In 2007, neuroscientist Lisa Genova self-published her first novel, “Still Alice.” It tells the story of a Harvard psychology professor and her experience with early-onset Alzheimer’s disease. The book became a best-seller and is now a major motion picture. Join Diane and her guests for a discussion of “Still Alice.”
In this month’s Readers’ Review, Diane invites listeners to join a discussion of “Gilead” by Marilynne Robinson. The novel received the National Book Critics Circle award in 2004 and the Pulitzer Prize for fiction in 2005. On his Facebook page, President Obama lists it as one of his favorite books. Written in the form of a letter from a dying preacher to his beloved young son, the novel begins as an account of his son’s “begats,” family history and other things he wouldn’t be able to tell him over the course of his growing up. It evolves into a way for him to work out unresolved moral issues. The story spans the Civil War to the Civil Rights movement, and Kirkus Reviews describes it as “a novel as big as a nation, as quiet as thought, and as moving as prayer.”
- Susan Page Washington bureau chief for USA Today.
- The Very Reverend Samuel Lloyd dean of the Washington National Cathedral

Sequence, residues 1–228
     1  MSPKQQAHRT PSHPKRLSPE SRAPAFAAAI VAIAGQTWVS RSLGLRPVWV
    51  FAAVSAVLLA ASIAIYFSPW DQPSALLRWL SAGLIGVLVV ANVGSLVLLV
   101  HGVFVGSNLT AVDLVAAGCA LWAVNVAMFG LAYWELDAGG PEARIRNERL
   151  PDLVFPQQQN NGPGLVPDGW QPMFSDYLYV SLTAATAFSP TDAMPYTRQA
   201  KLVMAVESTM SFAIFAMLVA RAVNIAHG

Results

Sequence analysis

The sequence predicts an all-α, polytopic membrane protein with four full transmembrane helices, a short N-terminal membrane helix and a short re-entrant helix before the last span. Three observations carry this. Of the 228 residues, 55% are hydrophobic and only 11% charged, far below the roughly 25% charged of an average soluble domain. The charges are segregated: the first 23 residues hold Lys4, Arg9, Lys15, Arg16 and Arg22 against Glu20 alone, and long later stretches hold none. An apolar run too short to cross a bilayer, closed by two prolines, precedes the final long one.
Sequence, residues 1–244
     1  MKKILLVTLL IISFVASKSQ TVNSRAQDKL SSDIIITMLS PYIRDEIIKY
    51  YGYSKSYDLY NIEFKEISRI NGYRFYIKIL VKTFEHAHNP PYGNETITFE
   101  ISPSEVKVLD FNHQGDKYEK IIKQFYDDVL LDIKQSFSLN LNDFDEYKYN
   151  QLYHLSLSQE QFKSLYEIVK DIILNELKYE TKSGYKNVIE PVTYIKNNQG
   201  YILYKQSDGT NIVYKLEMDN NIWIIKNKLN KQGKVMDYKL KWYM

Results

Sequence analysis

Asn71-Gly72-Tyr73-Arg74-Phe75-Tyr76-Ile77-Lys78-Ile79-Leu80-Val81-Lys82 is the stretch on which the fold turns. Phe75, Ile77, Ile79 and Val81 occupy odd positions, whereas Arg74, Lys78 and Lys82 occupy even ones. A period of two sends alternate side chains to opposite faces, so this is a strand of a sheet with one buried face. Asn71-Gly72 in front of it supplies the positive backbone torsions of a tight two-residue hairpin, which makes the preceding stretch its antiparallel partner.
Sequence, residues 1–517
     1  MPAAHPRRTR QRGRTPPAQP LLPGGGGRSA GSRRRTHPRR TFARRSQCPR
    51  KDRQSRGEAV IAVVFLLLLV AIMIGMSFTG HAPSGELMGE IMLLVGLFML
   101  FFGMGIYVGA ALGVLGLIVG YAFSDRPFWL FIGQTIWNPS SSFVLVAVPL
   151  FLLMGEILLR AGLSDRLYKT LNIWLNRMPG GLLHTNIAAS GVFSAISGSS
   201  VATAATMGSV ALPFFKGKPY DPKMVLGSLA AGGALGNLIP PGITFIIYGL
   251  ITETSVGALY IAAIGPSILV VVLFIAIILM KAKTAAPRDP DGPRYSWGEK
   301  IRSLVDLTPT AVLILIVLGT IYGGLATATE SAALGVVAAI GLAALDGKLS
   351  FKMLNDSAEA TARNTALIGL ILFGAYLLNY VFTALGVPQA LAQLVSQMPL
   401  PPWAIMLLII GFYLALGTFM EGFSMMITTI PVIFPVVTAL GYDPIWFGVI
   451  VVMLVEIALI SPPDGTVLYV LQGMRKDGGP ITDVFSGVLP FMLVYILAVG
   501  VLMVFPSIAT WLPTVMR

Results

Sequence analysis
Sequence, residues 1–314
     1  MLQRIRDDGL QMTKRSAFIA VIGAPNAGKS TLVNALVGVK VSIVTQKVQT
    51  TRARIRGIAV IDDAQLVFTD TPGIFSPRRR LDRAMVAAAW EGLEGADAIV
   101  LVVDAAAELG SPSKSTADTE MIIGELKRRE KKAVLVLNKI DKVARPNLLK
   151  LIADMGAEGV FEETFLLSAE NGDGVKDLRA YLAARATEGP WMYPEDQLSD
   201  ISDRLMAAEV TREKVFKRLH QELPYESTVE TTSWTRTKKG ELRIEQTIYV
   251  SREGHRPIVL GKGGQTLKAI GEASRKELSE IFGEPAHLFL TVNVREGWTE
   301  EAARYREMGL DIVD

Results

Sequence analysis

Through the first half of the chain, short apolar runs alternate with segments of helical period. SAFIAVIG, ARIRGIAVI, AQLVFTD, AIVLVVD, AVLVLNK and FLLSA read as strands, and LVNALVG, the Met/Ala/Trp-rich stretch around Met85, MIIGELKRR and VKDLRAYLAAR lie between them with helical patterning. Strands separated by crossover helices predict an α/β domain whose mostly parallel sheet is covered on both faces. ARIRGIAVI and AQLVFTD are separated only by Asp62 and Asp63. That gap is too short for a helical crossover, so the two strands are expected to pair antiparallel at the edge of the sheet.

- Reverend Derrick Harkins Senior Pastor of The Nineteenth Street Baptist Church in Washington, D. C.
Read an Excerpt
Excerpted from Gilead by Marilynne Robinson. Copyright 2004 by Marilynne Robinson. Used by permission of Farrar, Straus and Giroux, LLC. A paperback edition was published in May 2006 by Picador:
Most Recent Shows
With more people returning to the workforce, automakers are seeing a boom in car sales. But there's growing concern about a surge in auto loans to buyers with weak credit. The risks of subprime auto loans.
Living in Afghanistan, one former journalist saw how pervasive political corruption can lead to violent extremism. She calls for urgent action by the U.S., and a new approach to foreign policy. How corruption threatens global security.
President Obama is proposing to greatly expand wilderness protections within the Arctic National Wildlife Refuge, an area thought to be rich in oil and gas. The move is strongly opposed by some congressional Republicans. We look at the debate over new conservation designations in Alaska.